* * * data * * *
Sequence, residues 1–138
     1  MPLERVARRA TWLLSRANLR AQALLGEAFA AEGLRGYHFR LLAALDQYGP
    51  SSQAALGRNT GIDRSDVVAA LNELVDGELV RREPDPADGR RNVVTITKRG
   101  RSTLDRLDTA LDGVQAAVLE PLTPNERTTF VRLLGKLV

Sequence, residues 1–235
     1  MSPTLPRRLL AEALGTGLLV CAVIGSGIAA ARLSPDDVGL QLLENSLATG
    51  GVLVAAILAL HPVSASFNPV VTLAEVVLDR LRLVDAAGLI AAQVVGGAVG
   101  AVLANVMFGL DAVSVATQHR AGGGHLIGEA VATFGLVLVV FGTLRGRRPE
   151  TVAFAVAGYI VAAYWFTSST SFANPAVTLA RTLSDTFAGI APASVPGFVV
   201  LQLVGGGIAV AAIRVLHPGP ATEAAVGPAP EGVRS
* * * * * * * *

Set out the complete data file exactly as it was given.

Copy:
Sequence, residues 1–138
     1  MPLERVARRA TWLLSRANLR AQALLGEAFA AEGLRGYHFR LLAALDQYGP
    51  SSQAALGRNT GIDRSDVVAA LNELVDGELV RREPDPADGR RNVVTITKRG
   101  RSTLDRLDTA LDGVQAAVLE PLTPNERTTF VRLLGKLV

Sequence, residues 1–235
     1  MSPTLPRRLL AEALGTGLLV CAVIGSGIAA ARLSPDDVGL QLLENSLATG
    51  GVLVAAILAL HPVSASFNPV VTLAEVVLDR LRLVDAAGLI AAQVVGGAVG
   101  AVLANVMFGL DAVSVATQHR AGGGHLIGEA VATFGLVLVV FGTLRGRRPE
   151  TVAFAVAGYI VAAYWFTSST SFANPAVTLA RTLSDTFAGI APASVPGFVV
   201  LQLVGGGIAV AAIRVLHPGP ATEAAVGPAP EGVRS